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tell he was really speaking from his heart. we really appreciated the message he wanted to share with people. >> reporter: on youtube, the world is responding. more than a million people have viewed the video. thousands have written comments and condolences, even creating their own flashcard videos. a phenomenon that didn't go unnoticed at ben's funeral today, streamed online. >> it seems like more than mere coincidence, the timing of everything and how ben's message is now going literally to millions of people. >> reporter: the unspoken words ben's sister says, make the message more powerful. >> i was noticing how perfect it was that he told his story through silence and these cards instead of speaking his story because he was at peace when he was telling his story. >> reporter: a teenager who gave advice, saving the best for last. ben breedlove was 18.
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when we come back, an update to one of our making a difference reports that touched a lot of folks.
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this was another day of spectacle in north korea. thousands crowded into the main square of the capitol and across the country three minutes of silence, all a highly orchestrated display of mourning for the late kim jong-il. and a coming out party of sorts for his youngest son and successor kim jong-un anointed today as north korea's supreme leader. the country has no love for the united states but a lot of people noticed kim's funeral prominently featured three vintage mid 1970s american-made lincoln continentals, and at least one young mourner was spotted wearing a new york yankees cap. take a look at this. all hell breaking loose in one of christianity's holiest places. the church of the nativity in bethlehem. greek and armenian monks
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fighting each other with broomsticks during the church's annual cleaning, each side accusing the other of encroaching on parts of the church they claim as their own. security forces had to break up the melee. now an update on one of our making a difference reports. detroit dog rescue cares for abused and stray dogs and keeps them from being euthanized. since we profiled the organization on the "nightly news" earlier this year, the folks there say they have received an overwhelming response from donors. and this week, the biggest donation yet. a $1.5 million gift from one dog-loving woman who wishes to remain anonymous. up here next, nasa's high hopes for new year's eve.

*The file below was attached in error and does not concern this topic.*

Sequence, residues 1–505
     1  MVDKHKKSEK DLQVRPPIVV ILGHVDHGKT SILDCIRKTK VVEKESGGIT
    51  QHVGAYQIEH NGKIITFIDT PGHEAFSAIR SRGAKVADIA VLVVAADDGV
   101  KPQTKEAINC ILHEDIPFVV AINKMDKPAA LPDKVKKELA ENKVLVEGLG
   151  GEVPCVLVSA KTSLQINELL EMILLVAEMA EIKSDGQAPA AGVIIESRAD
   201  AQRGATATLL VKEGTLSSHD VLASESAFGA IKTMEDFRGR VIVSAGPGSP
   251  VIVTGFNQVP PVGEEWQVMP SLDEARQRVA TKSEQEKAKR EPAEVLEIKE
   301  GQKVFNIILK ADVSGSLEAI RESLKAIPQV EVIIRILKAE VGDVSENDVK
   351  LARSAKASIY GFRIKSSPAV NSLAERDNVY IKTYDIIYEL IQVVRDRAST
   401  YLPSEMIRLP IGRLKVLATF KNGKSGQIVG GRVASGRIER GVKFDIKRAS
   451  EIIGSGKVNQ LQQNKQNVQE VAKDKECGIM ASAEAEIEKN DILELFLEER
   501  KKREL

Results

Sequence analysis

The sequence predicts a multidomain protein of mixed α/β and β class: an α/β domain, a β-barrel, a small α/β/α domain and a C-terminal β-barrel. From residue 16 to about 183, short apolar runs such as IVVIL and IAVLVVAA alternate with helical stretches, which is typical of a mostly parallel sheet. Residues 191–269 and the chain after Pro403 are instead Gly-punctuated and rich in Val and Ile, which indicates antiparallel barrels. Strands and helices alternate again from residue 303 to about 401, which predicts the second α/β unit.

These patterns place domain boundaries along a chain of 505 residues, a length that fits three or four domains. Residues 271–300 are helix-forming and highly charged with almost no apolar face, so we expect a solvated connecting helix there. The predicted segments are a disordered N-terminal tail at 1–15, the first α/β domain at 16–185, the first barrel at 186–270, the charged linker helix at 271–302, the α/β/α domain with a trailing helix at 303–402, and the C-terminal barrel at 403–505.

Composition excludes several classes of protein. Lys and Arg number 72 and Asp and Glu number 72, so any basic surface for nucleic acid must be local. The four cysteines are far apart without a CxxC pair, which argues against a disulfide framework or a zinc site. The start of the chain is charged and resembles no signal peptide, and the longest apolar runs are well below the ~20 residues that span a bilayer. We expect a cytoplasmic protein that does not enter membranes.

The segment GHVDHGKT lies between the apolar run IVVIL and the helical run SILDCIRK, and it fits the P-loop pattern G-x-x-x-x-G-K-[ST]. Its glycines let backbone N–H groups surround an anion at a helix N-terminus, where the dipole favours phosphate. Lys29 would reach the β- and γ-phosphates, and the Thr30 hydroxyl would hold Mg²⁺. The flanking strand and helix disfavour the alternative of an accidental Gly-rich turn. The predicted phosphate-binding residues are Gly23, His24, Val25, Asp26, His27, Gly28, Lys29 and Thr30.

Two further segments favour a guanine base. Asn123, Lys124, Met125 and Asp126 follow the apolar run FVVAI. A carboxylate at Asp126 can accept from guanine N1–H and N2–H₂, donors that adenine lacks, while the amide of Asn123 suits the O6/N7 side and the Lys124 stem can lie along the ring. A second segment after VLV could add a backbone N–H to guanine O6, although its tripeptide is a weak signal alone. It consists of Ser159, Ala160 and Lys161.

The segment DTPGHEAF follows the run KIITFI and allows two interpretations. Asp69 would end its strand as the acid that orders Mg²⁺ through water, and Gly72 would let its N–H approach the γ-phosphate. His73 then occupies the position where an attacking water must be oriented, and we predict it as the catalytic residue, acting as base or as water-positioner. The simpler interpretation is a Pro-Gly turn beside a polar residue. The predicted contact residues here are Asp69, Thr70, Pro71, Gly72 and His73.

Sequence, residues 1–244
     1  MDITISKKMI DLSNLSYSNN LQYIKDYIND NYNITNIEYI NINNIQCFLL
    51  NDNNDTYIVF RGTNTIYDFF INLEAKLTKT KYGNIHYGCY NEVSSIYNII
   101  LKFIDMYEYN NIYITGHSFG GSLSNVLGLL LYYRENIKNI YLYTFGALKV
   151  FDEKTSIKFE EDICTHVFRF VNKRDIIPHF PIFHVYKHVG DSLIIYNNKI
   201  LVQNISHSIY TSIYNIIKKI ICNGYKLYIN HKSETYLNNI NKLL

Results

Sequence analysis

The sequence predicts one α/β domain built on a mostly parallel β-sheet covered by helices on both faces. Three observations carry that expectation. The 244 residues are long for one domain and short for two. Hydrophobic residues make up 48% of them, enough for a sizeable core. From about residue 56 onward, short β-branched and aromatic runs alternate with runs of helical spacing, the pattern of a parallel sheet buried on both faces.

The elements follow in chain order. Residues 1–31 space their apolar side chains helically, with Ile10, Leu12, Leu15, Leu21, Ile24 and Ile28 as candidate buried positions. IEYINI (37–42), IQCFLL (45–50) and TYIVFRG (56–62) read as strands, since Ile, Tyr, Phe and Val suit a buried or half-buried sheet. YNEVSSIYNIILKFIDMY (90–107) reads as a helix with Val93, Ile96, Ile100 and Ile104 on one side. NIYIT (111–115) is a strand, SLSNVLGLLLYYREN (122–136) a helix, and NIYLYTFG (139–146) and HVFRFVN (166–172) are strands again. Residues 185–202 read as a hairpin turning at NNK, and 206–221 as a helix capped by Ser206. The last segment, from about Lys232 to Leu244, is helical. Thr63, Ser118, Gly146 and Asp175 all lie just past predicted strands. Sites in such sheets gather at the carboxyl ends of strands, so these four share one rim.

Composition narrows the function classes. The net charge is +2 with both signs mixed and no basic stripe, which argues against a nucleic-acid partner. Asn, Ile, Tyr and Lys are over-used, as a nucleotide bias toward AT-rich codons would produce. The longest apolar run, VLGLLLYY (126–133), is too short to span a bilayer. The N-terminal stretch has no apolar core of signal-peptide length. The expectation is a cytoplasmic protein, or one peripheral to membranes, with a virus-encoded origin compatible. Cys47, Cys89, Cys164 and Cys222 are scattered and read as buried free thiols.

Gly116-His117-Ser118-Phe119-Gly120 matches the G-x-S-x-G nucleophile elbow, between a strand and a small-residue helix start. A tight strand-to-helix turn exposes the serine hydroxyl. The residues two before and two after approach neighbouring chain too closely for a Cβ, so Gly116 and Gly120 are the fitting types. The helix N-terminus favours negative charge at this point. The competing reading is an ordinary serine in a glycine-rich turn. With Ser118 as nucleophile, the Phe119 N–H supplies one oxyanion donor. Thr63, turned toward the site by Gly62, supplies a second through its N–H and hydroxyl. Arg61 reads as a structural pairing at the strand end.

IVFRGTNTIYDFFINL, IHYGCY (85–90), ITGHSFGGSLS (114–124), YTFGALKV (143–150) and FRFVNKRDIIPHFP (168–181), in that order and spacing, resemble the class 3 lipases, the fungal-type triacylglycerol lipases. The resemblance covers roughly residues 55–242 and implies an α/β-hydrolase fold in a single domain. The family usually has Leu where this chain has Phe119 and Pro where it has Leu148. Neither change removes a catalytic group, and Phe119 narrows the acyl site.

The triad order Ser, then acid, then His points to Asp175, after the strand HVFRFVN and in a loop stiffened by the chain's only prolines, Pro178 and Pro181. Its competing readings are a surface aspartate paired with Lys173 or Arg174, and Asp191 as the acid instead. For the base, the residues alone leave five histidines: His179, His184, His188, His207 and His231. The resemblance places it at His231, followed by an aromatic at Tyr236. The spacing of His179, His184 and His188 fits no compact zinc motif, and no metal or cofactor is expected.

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finally tonight here on earth this weekend is all about new year's eve. but for a team of nasa scientists, the focus will be a
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quarter of a million miles away. they will be monitoring a pair of spacecraft orbiting the moon, hoping to answer some age-old questions in what's being described as the biggest moon mission since man first landed there more than 40 years ago. here's nbc's george lewis. >> reporter: millions of years ago, earth may have had not one, but two moons. then, according to theory they collided -- an event known as the big splat. that would explain the irregularities on the surface of the present day moon. all the valleys on the side we see. all the mountains on the other side. >> scientists have not had a good way to track that down yet. this is the beginning of solving that mystery. >> zero, and liftoff of the delta ii with grail, journey to the center of the moon. >> reporter: in september, nasa launched two lunar probes aboard the same rocket. they'll chase each other in orbit around the moon to study
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it from surface to center. the mission will be run from this control room at the jet propulsion laboratory at pasadena, california. a critical point comes this weekend when the two spacecraft fire their maneuvering rockets to get into orbit around the moon. >> this is the big crunch time. this weekend is going to be the time when it comes together or falls apart. >> that's one small step for man -- >> reporter: for nasa it will be the most intense focus on the moon since the days of the apollo program. >> it's very challenging but we have done a lot of practicing and we're ready to do that. >> reporter: former astronaut sally ride will organize thousands of middle school students to tell nasa what pictures the spacecraft should take with their on-board cameras. >> hopefully it will encourage kids to get more involved in science and engineering. >> reporter: so this weekend while millions are watching the new year's ball drop in times square, nasa scientists will be watching the other illuminated ball that holds so many mysteries.
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george lewis, nbc news, pasadena, california. and that's our broadcast for thursday night. thank you for being with us. i'm harry smith in for brian. we hope to see you right back here tomorrow evening. we hope to see you right back here tomorrow evening. good night. -- captions by vitac -- right now at 6:00, bay area teenagers head out on a ski trip and run straight into trouble. thank you very much for joining us. i'm garvin thomas. >> a ski trip to utah nearly went up in smoke when police